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Elevation Profile of Trail

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Trailhead:  N 40° 45.97'
W 77° 35.66'
Total Elevation:  878'
Trail Length:  3.3 miles
Hike Time:  2 hours
Hike Type:  Shuttle
Difficulty Rating:  51
Near:  Seven Mountains roadside rest, off route US322.
Note regarding hike time and elevation traversed.  

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Trip Report and Photos

It took a bit of bribery, but I finally got my son to agree to do a hike. Figuring it would be a bit more enjoyable for him, I arranged for a friend of his, plus his Dad, to join us on the the hike. Throw in my buddy Dan and we had the makings of a great Sunday afternoon hike. Destination: the Mid State Trail from Stillhouse Hollow to the roadside rest along route US322.

When I state that a bit of bribery was involved to get my son to do this hike, that is not quite true. However there were some intense negotiations. When I realized he was agreeing to do a hike I called up Dan and checked to see if he'd be up for a hike. I figured Justin would enjoy hiking with others than just his Dad. When Dan mentioned that Victor, the dad of one of my son's friends, was interested in hiking I told him he and his son were more than welcome. And that is how we ended up with our hiking party for this short Sunday afternoon hike.

50°
°F | °C
Mid State Trail
Sunny
Humidity: 95%
7 mph
Wed
Partly Cloudy
49 | 75
Thu
Mostly Cloudy
55 | 83

The trailhead for this hike is actually at the intersection of the Mid State Trail and Stillhouse Hollow Road. However when we were heading to the trailhead we discovered that Stillhouse Hollow Road was a bit snow covered and muddy in other places. Not wanting to risk getting stuck in either the mud or the snow we opted to park the car towards the upper end of Stillhouse Hollow. Of course this occurred after we spotted two cars at the Seven Mountains roadside rest along route US322.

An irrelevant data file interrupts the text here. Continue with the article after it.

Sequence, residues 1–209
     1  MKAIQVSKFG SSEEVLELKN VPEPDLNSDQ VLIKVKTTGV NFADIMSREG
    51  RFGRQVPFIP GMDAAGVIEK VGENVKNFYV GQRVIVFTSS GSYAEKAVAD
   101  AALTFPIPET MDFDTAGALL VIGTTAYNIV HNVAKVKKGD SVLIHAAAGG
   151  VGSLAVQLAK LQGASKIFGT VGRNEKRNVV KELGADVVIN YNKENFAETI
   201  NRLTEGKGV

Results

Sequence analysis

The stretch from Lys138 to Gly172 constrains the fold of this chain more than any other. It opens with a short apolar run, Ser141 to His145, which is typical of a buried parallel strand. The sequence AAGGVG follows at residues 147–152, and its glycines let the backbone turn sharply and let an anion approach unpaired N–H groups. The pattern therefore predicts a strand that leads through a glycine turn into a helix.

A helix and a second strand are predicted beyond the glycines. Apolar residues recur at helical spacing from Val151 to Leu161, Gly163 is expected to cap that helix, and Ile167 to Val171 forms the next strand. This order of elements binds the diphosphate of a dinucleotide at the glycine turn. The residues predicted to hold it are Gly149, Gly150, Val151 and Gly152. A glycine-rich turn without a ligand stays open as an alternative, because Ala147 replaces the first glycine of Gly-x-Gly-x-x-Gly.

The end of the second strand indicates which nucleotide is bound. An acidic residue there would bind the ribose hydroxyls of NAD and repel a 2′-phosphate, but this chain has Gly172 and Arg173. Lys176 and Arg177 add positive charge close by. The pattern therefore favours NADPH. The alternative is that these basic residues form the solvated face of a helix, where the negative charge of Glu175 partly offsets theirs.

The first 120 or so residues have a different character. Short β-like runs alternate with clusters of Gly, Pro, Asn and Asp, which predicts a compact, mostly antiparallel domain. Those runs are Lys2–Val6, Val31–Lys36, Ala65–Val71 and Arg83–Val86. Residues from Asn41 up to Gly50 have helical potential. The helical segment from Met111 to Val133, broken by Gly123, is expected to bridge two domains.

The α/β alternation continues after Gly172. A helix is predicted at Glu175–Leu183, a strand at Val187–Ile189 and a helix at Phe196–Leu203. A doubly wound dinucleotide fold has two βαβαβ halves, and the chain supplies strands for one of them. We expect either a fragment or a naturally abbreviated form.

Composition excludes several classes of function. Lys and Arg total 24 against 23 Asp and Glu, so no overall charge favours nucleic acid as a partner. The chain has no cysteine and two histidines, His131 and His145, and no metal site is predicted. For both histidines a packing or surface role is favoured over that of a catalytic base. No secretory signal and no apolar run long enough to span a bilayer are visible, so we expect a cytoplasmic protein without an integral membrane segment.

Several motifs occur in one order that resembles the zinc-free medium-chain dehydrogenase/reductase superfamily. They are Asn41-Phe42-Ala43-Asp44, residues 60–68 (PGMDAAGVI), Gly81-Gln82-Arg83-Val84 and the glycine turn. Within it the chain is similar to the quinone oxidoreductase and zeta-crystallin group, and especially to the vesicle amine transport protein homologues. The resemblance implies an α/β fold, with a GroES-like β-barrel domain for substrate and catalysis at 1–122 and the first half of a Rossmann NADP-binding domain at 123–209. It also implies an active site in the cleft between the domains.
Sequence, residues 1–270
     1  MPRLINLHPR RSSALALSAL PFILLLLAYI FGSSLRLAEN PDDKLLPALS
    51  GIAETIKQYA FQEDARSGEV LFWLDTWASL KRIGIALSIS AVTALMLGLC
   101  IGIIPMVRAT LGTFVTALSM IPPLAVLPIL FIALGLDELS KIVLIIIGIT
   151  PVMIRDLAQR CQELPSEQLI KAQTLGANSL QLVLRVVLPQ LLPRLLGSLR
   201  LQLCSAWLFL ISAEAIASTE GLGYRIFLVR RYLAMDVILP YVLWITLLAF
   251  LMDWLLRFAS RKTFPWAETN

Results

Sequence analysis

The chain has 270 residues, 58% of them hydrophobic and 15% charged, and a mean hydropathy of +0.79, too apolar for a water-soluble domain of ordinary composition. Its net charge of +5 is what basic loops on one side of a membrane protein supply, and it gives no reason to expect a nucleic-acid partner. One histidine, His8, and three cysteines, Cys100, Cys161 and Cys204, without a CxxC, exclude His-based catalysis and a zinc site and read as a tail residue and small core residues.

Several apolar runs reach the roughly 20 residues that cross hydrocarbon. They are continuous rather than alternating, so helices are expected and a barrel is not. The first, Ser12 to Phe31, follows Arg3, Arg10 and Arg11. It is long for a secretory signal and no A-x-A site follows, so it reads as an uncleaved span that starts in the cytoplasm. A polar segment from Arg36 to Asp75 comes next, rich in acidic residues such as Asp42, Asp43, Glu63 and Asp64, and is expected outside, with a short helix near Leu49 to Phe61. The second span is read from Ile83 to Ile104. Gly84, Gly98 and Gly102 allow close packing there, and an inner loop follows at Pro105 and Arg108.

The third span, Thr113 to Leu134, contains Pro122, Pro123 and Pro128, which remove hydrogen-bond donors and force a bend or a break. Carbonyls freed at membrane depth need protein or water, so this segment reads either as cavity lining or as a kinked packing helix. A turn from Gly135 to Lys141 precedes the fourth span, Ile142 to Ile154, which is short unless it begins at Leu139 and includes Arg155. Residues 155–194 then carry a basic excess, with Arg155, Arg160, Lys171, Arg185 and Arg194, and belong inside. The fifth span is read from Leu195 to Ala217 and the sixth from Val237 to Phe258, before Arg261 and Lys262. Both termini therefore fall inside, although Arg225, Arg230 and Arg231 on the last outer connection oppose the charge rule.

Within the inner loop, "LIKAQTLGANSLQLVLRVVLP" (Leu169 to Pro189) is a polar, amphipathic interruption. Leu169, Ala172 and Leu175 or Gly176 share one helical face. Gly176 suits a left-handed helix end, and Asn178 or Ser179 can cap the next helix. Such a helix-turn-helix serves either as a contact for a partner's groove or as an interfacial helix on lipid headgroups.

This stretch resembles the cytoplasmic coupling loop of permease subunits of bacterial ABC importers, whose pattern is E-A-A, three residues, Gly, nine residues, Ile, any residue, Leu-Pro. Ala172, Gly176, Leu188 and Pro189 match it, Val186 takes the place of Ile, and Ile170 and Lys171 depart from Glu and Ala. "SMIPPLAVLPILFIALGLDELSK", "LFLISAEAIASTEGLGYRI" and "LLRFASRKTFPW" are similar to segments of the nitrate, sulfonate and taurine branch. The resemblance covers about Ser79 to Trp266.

The trailhead for this hike is most easily accessed from route US322. Heading either west or east on route US322, you will want to exit at the top of Seven Mountains, approximately 11 miles south of State College, PA or 6 miles north of Milroy, PA. There are various signs for this exit; there is a private campground located here, signs for Poe Valley State Park, and also signs for a Boy Scout Camp. Once you exit route US322, you will follow a paved road east, which will soon turn to a well maintained, dirt forest road. From route US322 drive for 1.1 miles. You will turn here onto Stillhouse Hollow Road. Once on Stillhouse Hollow Road drive for just a bit under 0.2 miles and look for a camp on the left side of the road. Just prior to the camp you will find enough room under the pines to the left to get a car or two off the road. Park here and get ready for this hike as this is the starting trailhead.

Hiking down Stillhouse Hollow Road.

We parked the car and started walking down Stillhouse Hollow Road. There were quite a few places where there were large, frozen mud puddles in the road that the boys had a grand time trying to break. The hike was a gradual, easy hike, slowly descending down the hollow. The only issue was the occasional icy patch that had to be tread upon lightly.